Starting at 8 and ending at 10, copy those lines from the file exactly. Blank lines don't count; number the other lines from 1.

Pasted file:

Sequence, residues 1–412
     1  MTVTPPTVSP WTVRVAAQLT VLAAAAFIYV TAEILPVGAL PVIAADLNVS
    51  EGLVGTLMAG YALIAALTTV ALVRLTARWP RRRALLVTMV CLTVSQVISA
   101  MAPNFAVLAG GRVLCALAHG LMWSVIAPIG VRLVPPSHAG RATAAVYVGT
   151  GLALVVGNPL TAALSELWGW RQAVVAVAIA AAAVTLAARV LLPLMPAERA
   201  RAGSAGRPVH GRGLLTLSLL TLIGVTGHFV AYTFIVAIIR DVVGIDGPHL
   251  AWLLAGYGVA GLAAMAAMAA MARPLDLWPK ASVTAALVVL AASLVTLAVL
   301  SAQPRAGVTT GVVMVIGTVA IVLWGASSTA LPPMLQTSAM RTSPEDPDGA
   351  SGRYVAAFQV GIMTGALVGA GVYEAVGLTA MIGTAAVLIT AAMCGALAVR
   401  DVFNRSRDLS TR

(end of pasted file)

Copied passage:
   301  SAQPRAGVTT GVVMVIGTVA IVLWGASSTA LPPMLQTSAM RTSPEDPDGA
   351  SGRYVAAFQV GIMTGALVGA GVYEAVGLTA MIGTAAVLIT AAMCGALAVR
   401  DVFNRSRDLS TR